On our way back to Kigali, we stopped by the Dian Fossey Gorilla Fund International centre in northwest Rwanda, where we learned about the efforts to protect the country’s mountain gorillas from threats to their survival.

The last week


At the start of our second week, we completed the deck, and with the dead load sag level confirmed on the cables, the grouting/backfilling/concreting of the live end began.

Every able-bodied person on site jumped back into ‘the pit’, and the process was completed within one-and-a-half days – no mean feat considering the searing heat and thunderstorms passing overhead.

The bridge was officially opened at 10.30am on Friday, November 16, in front of a crowd of more than 400 people, including TV camera crews.

By Wednesday, the bridge was complete, and the fencing on both the approach ramps and the site clearance was finished.

We celebrated with a game of soccer with the local team, before hosting a BBQ on site for everybody who had worked on the project with us.

The official opening


The bridge was officially opened at 10.30am on Friday, November 16, in front of a crowd of more than 400 people, including TV camera crews.

Notwithstanding the large group of local politicians present, the opening ceremony itself was very different to any I had attended before. A DJ began spinning the decks and an MC worked the crowd from 9am that morning, and two separate time slots within the proceedings were allocated to dance and celebration. And, you just knew the craic was good when the bodyguard of one of the dignitaries, who was dressed in full military fatigues, started dancing with everybody else.

Making a difference


As with so many projects, once we arrived on site, our team became so focused on delivering the bridge that, at times, we lost sight of just how much a project like this can mean to the local community.

This was brought sharply back into focus for us during the opening ceremony when one of the community leaders described how, during the rainy season every year, several children are swept away at the crossing. He also shared a harrowing story of a woman in labour who, in trying to cross the swollen river to get to the local hospital, was forced back by the water.

When you hear stories like these, it really makes you appreciate the positive impact our work in building the new bridge will have on the local community. Hitting a deadline or a project milestone can suddenly feel quite unimportant when compared with making a real and positive difference to people’s daily lives.

Our team is extremely proud of the small part we played in improving the lives of the people in this small Rwandan village, and we are very grateful to have been given the opportunity to do so.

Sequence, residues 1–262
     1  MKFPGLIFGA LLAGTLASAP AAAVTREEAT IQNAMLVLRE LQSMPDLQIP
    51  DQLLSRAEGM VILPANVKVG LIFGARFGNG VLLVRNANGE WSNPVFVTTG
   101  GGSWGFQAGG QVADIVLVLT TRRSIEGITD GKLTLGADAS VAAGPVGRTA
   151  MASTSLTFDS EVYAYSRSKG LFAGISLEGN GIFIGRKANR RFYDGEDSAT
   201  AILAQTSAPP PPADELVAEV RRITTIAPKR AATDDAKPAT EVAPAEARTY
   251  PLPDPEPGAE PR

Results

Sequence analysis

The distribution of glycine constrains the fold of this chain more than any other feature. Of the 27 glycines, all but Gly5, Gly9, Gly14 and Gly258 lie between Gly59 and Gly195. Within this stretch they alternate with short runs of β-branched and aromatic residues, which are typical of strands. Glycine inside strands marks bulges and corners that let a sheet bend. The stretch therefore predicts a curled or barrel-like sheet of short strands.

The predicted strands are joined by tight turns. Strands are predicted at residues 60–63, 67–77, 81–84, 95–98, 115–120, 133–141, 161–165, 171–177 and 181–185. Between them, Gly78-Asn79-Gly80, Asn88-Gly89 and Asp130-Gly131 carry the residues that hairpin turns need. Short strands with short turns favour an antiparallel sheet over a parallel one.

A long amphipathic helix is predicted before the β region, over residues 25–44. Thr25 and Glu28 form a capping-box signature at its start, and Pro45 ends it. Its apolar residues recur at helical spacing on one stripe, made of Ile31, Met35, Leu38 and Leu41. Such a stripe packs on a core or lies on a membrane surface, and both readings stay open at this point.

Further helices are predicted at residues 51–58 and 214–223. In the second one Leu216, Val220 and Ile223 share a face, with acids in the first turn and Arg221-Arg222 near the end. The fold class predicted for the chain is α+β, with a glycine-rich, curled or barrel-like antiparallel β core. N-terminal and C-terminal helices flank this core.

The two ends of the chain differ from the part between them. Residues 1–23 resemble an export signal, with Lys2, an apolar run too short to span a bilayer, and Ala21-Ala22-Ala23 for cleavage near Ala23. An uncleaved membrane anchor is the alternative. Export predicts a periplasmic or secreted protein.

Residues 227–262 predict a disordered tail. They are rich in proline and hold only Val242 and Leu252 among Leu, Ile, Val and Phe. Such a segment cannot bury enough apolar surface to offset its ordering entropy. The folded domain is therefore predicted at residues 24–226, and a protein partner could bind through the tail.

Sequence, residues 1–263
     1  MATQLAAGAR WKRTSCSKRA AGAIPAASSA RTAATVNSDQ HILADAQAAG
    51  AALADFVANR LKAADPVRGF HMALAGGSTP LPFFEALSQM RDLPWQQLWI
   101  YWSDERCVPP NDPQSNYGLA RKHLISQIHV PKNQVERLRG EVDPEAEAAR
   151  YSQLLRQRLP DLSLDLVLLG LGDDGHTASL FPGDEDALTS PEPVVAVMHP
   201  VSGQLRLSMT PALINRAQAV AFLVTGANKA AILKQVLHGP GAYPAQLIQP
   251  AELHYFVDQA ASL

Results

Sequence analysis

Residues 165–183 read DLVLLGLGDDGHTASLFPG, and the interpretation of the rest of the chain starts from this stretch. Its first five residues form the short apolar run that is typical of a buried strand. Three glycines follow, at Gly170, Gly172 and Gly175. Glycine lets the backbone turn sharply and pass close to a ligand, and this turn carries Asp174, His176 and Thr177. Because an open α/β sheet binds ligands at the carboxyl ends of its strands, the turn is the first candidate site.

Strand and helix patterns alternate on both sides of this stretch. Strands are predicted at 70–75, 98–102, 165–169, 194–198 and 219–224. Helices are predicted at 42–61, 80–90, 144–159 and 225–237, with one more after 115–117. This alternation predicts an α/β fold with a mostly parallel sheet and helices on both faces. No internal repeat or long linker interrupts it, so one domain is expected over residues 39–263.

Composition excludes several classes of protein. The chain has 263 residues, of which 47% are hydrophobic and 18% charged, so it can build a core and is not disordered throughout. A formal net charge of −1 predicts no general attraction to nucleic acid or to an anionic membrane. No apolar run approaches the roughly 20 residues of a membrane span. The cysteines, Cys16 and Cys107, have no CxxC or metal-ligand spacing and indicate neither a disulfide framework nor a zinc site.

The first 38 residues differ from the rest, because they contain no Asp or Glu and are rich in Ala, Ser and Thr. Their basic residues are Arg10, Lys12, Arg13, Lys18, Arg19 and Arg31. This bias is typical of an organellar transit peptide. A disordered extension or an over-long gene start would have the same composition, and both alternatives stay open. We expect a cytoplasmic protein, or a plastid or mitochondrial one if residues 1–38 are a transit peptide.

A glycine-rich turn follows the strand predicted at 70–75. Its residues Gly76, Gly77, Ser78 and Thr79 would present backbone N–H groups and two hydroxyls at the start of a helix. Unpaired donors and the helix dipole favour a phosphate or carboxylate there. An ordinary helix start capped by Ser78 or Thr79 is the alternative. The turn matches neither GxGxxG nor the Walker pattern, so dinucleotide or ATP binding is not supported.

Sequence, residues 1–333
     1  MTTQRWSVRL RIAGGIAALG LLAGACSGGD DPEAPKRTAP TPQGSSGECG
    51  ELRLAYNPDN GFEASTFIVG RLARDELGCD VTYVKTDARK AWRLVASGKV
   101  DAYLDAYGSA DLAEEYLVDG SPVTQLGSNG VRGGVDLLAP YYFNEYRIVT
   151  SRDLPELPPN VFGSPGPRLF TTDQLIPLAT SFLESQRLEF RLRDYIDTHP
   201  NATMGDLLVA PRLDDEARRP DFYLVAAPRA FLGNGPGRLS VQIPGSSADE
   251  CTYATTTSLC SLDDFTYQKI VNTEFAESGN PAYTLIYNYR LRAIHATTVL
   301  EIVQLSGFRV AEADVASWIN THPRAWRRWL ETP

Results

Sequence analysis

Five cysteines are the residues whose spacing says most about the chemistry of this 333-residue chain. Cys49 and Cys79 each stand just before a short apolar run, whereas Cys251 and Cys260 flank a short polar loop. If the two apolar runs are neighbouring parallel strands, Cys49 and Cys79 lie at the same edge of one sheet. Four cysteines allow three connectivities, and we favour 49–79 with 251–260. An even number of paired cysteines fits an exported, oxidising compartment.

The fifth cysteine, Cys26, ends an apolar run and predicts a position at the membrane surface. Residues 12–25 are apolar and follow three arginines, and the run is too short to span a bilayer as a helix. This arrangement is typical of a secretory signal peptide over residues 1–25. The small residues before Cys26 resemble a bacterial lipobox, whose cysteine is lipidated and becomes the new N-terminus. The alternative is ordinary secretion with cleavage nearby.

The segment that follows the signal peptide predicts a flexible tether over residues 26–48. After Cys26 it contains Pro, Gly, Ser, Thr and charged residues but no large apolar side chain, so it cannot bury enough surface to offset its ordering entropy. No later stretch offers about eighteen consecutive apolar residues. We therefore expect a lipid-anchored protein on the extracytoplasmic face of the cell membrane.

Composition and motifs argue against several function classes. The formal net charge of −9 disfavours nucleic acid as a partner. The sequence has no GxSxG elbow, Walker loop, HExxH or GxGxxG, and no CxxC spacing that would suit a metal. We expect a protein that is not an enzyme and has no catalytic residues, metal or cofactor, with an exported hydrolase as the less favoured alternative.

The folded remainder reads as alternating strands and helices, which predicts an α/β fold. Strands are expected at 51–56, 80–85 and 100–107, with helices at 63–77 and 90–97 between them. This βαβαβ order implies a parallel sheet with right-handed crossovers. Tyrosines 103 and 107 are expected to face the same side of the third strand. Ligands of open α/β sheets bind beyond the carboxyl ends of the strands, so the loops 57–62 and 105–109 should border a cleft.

The solution


The bridge is a 37m span suspended (stress ribbon) bridge. It consists of 2 No. handrail cables and 2 No. deck cables.

The deck was formed with 38 No. cross beams, located at 1m centres, made with a combination of steel and timber and placed on top of the walkway cables.

The walking surface consists of a series of 2m-long timber planks, placed five abreast, laid on top of the cross beams. The cross beams were connected firstly to the cables by 10mm dia. reinforcing bars acting as stringers, and secondly, to the walkway cables by manually bending the stringer around both the cable and the cross beams.

For the handrail cable connection, the stringer was manually looped around the handrail cable. A wire mesh was then attached to the handrail cable and deck to ‘fill the gap’ between the cables.

The cables were anchored in both abutments by passing them through a concrete anchor beam and clamping the cable against itself with a series of drops forge anchors.

When our team arrived to site, the abutment walls and tiers had been built, so once the cable sag was set, the abutments were backfilled with stones of varying sizes and layers of mortar.

Finally, fence posts were installed, and a 100mm deep approach slab was formed over the entire top surface of the abutment.

Author: Andrew O’Connell, senior engineer Roughan & O’Donovan. A chartered engineer, his most recent projects include the detailed design of the Royal Canal Premium Cycle Route Phase 2, the Enniscorthy Flood Defence Scheme – Bridgeworks and the Athy Distributor Road. He is a member of the executive committee of Engineers Without Borders Ireland.

http://www.engineersjournal.ie/wp-content/uploads/2019/01/a-aaaaarw3-1024x512.jpghttp://www.engineersjournal.ie/wp-content/uploads/2019/01/a-aaaaarw3-300x300.jpgDavid O'RiordanCivilAfrica,bridges,Roughan and O'Donovan
The Gatare bridge project began in July 2018 when EuropEngineers, in collaboration with Bridges to Prosperity, decided to send an industry team to build a footbridge for villagers in an isolated, rural community in Rwanda. The 10-strong project team was drawn from EuropEngineers companies, namely, Basler & Hoffman, BuroHappold, Setec,...